3.1 Acceptance. An action by an authorized representative of the acquirer by
which the acquirer assumes ownership of software products as partial or complete
performance of a contract.
3.2 Acquirer. An organization that procures software products for itself or
3.3 Approval. Written notification by an authorized representative of the
acquirer that a developer's plans, design, or other aspects of the project
appear to be sound and can be used as the basis for further work. Such approval
does not shift responsibility from the developer to meet contractual
3.4 Architecture. The organizational structure of a system or CSCI,
identifying its components, their interfaces, and a concept of execution among
3.5 Associate developer. An organization that is neither prime contractor nor
subcontractor to the developer, but who has a development role on the same or
related system or project.
3.6 Behavioral design. The design of how an overall system or CSCI will
behave, from a user's point of view, in meeting its requirements, ignoring the
internal implementation of the system or CSCI. This design contrasts with
architectural design, which identifies the internal components of the system or
CSCI, and with the detailed design of those components.
3.7 Build. (1) A version of software that meets a specified subset of the
requirements that the completed software will meet. (2) The period of time
during which such a version is developed. Note: The relationship of the terms
"build" and "version" is up to the developer; for example, it may take several
versions to reach a build, a build may be released in several parallel versions
(such as to different sites), or the terms may be used as synonyms.
3.8 Computer database. See database.
3.9 Computer hardware. Devices capable of accepting and storing computer
data, executing a systematic sequence of operations on computer data, or
producing control outputs. Such devices can perform substantial interpretation,
computation, communication, control, or other logical functions.
3.10 Computer program. A combination of computer instructions and data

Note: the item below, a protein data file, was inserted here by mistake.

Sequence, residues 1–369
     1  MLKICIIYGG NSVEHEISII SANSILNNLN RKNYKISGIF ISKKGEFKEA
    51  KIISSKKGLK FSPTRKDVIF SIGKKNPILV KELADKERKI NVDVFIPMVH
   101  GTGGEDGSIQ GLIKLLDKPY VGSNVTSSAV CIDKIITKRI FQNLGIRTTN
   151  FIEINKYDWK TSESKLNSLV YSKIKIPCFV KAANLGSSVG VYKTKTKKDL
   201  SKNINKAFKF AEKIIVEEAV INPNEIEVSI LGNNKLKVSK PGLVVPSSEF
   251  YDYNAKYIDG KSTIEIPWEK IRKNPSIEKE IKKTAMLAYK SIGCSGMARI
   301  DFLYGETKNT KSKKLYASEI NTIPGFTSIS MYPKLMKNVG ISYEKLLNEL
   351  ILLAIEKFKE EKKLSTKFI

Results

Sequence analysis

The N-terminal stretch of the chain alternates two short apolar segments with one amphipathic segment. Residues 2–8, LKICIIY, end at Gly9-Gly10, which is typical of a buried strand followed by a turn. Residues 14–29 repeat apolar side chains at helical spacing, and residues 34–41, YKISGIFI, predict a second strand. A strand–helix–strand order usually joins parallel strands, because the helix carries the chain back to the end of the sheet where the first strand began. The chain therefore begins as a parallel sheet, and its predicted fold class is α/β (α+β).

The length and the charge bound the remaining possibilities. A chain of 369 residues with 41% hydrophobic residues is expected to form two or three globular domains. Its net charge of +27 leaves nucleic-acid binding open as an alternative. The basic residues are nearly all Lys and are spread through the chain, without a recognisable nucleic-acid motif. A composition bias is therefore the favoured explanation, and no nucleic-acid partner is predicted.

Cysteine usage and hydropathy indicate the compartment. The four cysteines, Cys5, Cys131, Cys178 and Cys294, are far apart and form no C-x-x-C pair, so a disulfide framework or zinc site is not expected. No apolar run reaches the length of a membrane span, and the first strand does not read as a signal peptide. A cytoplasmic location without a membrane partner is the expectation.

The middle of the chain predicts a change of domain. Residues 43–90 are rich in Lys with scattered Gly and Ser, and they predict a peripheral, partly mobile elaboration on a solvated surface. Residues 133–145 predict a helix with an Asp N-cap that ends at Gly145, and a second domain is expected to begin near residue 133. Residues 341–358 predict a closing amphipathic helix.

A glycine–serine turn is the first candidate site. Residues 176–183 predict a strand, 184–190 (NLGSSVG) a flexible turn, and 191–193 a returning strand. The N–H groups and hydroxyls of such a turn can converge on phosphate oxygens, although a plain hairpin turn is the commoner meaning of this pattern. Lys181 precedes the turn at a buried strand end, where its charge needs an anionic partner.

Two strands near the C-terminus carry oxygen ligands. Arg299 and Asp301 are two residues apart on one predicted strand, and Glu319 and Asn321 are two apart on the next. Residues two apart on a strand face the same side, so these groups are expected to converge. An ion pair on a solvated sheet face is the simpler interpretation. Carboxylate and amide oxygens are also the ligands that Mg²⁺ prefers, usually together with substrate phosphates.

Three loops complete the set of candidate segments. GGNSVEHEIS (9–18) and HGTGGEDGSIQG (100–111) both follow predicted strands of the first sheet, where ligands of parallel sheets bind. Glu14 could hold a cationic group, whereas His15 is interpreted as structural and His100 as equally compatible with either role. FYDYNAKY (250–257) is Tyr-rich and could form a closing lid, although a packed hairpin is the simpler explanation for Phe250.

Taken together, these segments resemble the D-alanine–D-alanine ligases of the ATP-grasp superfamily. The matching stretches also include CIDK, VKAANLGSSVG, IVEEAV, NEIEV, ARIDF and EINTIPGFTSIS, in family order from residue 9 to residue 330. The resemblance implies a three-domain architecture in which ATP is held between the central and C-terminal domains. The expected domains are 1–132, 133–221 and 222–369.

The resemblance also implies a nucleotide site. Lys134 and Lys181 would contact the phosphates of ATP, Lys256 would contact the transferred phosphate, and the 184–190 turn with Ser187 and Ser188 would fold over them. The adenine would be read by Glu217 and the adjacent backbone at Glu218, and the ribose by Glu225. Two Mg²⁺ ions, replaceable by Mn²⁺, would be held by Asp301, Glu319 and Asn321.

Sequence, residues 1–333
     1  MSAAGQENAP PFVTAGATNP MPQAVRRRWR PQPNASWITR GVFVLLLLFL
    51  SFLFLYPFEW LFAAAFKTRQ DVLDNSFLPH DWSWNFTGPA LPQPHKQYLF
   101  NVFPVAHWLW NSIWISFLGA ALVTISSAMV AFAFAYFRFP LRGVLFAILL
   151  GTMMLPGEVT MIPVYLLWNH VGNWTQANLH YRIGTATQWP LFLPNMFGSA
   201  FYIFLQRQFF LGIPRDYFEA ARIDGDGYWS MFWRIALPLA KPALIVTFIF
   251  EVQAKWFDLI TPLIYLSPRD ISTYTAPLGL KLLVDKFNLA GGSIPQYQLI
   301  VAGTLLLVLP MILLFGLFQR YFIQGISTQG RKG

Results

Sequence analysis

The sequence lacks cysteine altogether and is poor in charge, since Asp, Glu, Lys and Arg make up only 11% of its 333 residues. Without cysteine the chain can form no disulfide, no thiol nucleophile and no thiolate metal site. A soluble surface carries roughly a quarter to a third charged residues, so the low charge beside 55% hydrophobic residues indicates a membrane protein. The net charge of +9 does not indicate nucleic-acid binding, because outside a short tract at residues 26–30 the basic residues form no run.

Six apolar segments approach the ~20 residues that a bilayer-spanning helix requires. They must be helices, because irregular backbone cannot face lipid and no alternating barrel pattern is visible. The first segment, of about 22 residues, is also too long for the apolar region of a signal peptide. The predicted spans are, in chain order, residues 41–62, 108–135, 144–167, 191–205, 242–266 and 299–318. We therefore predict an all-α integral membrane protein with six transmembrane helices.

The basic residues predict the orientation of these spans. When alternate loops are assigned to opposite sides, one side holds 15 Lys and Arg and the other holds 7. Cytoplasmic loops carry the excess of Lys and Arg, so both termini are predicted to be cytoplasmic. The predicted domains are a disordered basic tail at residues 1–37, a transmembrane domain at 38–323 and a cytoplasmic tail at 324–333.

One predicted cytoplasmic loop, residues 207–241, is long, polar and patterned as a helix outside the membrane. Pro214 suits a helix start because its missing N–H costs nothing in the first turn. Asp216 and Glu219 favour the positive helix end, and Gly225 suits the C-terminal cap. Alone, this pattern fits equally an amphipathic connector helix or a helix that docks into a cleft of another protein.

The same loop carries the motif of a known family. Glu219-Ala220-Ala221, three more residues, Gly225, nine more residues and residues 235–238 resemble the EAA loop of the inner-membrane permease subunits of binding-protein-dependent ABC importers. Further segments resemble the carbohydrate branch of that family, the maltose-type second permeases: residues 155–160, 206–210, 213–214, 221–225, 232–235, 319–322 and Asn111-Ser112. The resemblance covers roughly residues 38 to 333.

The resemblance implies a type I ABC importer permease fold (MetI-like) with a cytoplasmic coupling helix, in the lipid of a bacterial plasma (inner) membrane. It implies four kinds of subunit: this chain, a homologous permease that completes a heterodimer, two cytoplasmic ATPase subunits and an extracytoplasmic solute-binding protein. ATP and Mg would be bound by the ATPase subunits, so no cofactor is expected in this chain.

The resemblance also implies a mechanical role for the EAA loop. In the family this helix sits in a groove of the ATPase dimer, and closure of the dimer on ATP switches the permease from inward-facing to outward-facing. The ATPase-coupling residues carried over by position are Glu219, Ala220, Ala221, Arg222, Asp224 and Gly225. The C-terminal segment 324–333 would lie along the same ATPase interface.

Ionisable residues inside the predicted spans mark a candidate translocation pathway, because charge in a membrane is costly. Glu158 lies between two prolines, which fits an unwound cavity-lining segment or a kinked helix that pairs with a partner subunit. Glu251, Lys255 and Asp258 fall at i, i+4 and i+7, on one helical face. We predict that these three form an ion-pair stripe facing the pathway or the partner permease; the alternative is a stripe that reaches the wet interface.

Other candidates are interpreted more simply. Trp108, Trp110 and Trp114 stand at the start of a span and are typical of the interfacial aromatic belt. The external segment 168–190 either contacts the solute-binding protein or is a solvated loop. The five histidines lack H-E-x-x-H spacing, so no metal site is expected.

definitions that enable computer hardware to perform computational or control
3.11 Computer software. See software.
3.12 Computer Software Configuration Item (CSCI). An aggregation of software
that satisfies an end use function and is designated for separate configuration
management by the acquirer. CSCIs are selected based on tradeoffs among software
function, size, host or target computers, developer, support concept, plans for
reuse, criticality, interface considerations, need to be separately documented
and controlled, and other factors.
3.13 Configuration Item. An aggregation of hardware, software, or both that
satisfies an end use function and is designated for separate configuration
management by the acquirer.
3.14 Database. A collection of related data stored in one or more
computerized files in a manner that can be accessed by users or computer
programs via a database management system.
3.15 Database management system. An integrated set of computer programs that
provide the capabilities needed to establish, modify, make available, and
maintain the integrity of a database.
3.16 Deliverable software product. A software product that is required by the
contract to be delivered to the acquirer or other designated recipient.
3.17 Design. Those characteristics of a system or CSCI that are selected by
the developer in response to the requirements. Some will match the requirements;
others will be elaborations of requirements, such as definitions of all error
messages in response to a requirement to display error messages; others will be
implementation related, such as decisions about what software units and logic to
use to satisfy the requirements.
3.18 Developer. An organization that develops software products ("develops"
may include new development, modification, reuse, reengineering, maintenance, or
any other activity that results in software products). The developer may be a
contractor or a Government agency.
3.19 Document/documentation. A collection of data, regardless of the medium
on which it is recorded, that generally has permanence and can be read by humans